Book Review of Salley Vickers' Grandmothers
Salley Vickers' Grandmothers is an unusual and much needed book in that it focuses on the lives, loves and losses and hopes of three older women. They are either grandmothers, or in the case of Minna, a surrogate grandmother, It is through the relationship that the women have with their grandchildren that their inner thoughts, aspirations and ultimately moral values are demonstrated. In Grandmothers, Sally Vickers shows that the Grandmothers are valued far more by those in their grandchildren's generation than they are by those in their children's generation.
The main character in Sally Vickers' Grandmothers' is Nan who has a secret life as an award winning poet. We see her preparing her grandson as she prepares for death. It is around her that the book is structured. Of the other women Minna is shy and bookish and takes comfort in her friendship with a neighbour's child. Blanche, is seemingly suave, sophisticated, wealthy and content but is in fact lonely and saddened about her estranged relationship with her son and daughter-in-law. At different points these characters' lives interweave. Friendships are formed and the reader is encouraged to reflect on relationships, ageing, the future generation and the quintessential brevity of life.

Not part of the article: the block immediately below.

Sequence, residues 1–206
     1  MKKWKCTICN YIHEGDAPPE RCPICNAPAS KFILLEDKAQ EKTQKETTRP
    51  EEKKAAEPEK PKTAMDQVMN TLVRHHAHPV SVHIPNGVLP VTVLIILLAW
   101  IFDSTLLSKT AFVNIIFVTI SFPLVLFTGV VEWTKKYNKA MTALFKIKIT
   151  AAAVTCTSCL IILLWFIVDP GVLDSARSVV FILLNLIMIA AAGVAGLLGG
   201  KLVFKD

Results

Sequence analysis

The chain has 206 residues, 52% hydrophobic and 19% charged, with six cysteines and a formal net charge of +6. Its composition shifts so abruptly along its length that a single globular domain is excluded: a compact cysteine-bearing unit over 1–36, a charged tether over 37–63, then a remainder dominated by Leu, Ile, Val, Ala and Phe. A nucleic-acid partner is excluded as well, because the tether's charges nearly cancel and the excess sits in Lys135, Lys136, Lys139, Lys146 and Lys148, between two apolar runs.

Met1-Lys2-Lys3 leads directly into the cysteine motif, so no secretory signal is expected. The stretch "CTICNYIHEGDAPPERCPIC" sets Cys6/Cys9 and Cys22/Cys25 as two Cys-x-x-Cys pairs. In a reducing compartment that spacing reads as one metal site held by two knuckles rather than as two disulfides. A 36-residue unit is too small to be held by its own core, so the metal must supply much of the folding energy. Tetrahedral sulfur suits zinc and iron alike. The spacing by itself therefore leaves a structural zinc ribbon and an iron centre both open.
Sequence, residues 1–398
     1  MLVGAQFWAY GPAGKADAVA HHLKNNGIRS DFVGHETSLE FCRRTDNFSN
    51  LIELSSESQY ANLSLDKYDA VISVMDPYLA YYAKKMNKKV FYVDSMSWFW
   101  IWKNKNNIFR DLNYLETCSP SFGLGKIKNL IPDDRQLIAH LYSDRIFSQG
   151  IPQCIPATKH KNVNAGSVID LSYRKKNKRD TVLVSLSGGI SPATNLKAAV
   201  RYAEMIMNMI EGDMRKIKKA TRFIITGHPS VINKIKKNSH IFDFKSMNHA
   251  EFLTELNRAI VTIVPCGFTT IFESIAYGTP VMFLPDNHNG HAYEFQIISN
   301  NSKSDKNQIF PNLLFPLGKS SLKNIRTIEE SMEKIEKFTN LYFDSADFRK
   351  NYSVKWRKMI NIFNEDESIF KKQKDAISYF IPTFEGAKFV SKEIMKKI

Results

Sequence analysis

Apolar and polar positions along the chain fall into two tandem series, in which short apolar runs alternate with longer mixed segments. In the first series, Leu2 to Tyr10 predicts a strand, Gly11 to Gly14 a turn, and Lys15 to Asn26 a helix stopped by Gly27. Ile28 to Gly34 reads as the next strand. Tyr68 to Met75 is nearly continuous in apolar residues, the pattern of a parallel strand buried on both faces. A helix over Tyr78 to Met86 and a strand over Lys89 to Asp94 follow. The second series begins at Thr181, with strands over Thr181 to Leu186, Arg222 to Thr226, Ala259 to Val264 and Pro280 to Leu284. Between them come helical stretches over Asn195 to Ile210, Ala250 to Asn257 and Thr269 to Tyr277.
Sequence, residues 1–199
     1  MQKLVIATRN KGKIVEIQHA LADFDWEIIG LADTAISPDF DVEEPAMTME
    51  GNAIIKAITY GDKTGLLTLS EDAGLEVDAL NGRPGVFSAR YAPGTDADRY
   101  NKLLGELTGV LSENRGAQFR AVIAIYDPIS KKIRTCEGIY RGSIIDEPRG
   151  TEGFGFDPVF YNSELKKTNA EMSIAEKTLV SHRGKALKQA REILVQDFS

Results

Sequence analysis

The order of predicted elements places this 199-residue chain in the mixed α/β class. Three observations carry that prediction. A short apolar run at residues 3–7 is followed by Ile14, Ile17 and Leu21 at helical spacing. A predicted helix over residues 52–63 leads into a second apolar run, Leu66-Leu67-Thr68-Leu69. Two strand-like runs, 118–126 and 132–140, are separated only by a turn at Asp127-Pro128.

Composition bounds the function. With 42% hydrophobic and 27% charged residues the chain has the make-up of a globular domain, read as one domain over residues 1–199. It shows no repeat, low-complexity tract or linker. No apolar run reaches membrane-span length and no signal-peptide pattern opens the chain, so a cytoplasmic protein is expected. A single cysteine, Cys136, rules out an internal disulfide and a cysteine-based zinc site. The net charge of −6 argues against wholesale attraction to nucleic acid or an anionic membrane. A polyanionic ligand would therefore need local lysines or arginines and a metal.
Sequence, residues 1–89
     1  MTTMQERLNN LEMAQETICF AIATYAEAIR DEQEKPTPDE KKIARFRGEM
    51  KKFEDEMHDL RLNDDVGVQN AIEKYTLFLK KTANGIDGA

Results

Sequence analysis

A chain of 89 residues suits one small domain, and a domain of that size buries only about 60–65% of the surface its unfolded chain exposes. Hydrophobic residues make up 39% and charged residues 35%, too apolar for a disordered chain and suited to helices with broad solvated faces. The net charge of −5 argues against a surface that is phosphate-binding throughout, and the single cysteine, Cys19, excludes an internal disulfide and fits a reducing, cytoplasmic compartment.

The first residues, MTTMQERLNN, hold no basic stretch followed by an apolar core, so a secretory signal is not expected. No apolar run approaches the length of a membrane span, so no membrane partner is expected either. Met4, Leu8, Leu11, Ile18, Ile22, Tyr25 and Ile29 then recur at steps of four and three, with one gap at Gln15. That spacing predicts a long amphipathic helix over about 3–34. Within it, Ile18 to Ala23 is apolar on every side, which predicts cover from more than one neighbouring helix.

I've recently read Ruth Jones' Us Three which also explores the friendships of women in their middle age. It is a genre that I enjoy.
Book Discussion Questions on Salley Vickers' Grandmothers
Bookclub Questions on Grandmothers (if you haven't read the book!)
Personal Response to Sally Vickers' Grandmothers
I enjoyed reading Salley Vickers' Grandmothers and thought that aspects of it were brilliant. It was a quick and easy page-turner which belies the depth of philosophical contemplation that underpins the social and personal commentary in it. Having said that if I'm honest, I did find the execution of the story-telling just occasionally a little heavy handed. There was a sense that the author simply needed to tell us something about the character rather than reveal it in order to keep the story moving forward. There is perhaps an argument that each of the grandmothers' in Salley Vickers' Grandmothers deserve their own novel and shouldn't have to share one.